Garrison was unyielding and steadfast in his beliefs. He believed that the Anti-Slavery Society should not align itself with any political party. He believed that women should be allowed to participate in the Anti-Slavery Society. Garrison’s appeal for women’s mass petitioning against slavery sparked a controversy over women’s right to a political voice. In 1837, women abolitionists from seven states convened in New York to expand their petitioning efforts and repudiate the social mores that proscribed their participation in public affairs. That summer, sisters Angelina Grimke and Sara Grimke responded to the controversy roused by their public speaking with treatises on woman’s rights – Angelina’s “Letters to Catherine E. Beecher” and Sarah’s “Letters on the Equality of the Sexes and Condition of Woman” – and Garrison published them first in the Liberator and then in book form. Instead of surrendering to appeals for him to retreat on the “woman question,” Garrison announced in December 1837 that The Liberator would support “…the rights of woman to their utmost extent.” The Massachusetts Anti-Slavery Society appointed women to leadership positions and hired Abby Kelley as the first of several female field agents.
Garrison’s Liberator paper continued to be the leading advocate of woman’s rights throughout the 1840s, publishing editorials, speeches, legislative reports and other developments concerning the subject. In February 1849, Garrison’s name headed the women’s suffrage petition sent to the Massachusetts legislature, the first such petition sent to any American legislature, and he supported the subsequent annual suffrage petition campaigns organized by Lucy Stone and Wendell Phillips. Garrison took a leading role in the May 30, 1850, meeting that called the first National Woman’s Rights Convention, saying in his address to that meeting that the new movement should make securing the ballot to women its primary goal. At the national convention held in Worcester the following October, Garrison was appointed to the National Woman’s Rights Central Committee, which served as the movement’s executive committee, charged with carrying out programs adopted by the conventions, raising funds, printing proceedings and tracts, and organizing annual conventions.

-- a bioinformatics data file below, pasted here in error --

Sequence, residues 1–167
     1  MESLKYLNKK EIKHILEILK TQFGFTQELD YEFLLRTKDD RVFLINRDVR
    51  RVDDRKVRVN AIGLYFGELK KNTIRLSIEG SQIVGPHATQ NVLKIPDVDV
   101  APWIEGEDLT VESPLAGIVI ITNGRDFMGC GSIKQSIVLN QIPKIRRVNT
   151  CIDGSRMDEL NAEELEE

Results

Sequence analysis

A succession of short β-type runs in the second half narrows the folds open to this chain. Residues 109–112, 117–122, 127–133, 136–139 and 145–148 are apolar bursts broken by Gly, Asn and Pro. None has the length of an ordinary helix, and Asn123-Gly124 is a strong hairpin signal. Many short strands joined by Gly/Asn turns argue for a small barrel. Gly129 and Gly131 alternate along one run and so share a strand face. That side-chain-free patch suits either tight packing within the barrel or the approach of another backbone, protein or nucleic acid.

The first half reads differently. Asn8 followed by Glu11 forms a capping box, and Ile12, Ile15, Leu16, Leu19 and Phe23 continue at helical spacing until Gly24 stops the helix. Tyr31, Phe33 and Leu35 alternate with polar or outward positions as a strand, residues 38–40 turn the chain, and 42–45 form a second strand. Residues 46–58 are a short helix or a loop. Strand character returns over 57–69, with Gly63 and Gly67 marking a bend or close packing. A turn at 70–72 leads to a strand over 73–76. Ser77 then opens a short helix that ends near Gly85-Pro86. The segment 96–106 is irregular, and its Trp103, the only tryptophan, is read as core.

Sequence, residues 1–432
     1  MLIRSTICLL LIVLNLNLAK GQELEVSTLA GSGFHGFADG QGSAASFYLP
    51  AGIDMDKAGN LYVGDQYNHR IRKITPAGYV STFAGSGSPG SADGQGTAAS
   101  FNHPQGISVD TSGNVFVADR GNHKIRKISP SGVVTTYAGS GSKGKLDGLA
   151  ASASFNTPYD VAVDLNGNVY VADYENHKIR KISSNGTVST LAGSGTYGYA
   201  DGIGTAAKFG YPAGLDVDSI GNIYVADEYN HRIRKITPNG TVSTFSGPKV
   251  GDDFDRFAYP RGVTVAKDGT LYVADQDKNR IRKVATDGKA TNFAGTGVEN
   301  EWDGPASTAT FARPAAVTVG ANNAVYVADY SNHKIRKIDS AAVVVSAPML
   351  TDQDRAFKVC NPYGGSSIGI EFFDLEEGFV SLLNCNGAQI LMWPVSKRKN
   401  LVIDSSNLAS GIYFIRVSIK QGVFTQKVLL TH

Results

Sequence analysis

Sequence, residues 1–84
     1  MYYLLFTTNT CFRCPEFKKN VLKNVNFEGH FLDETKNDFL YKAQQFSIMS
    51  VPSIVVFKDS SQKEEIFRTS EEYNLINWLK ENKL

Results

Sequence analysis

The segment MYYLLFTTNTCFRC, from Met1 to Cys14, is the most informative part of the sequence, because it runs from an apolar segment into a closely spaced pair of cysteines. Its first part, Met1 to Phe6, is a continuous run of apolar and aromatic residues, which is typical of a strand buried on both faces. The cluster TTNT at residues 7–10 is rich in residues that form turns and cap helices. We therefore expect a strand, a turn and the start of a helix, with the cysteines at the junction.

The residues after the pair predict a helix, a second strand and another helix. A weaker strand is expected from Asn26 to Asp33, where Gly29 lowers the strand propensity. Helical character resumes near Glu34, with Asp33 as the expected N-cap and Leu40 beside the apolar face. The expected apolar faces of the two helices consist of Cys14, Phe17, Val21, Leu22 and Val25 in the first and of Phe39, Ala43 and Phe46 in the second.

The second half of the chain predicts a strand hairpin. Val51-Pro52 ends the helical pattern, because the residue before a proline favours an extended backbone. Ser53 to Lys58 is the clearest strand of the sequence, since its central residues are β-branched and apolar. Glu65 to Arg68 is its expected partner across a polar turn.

Garrison believed that the U.S. Constitution was a pro-slavery document. Many within the Society differed with these positions, however, and in 1840 there was a major rift in the Society which resulted in the founding of two additional organizations: the Liberty Party, a political organization, and the American and Foreign Anti-Slavery Society, which did not admit women. Later, in 1851, the once devoted and admiring Frederick Douglass stated his belief that the Constitution could be used as a weapon against slavery. Garrison, feeling betrayed, attacked Douglass through his paper. Douglass responded, and the attacks intensified.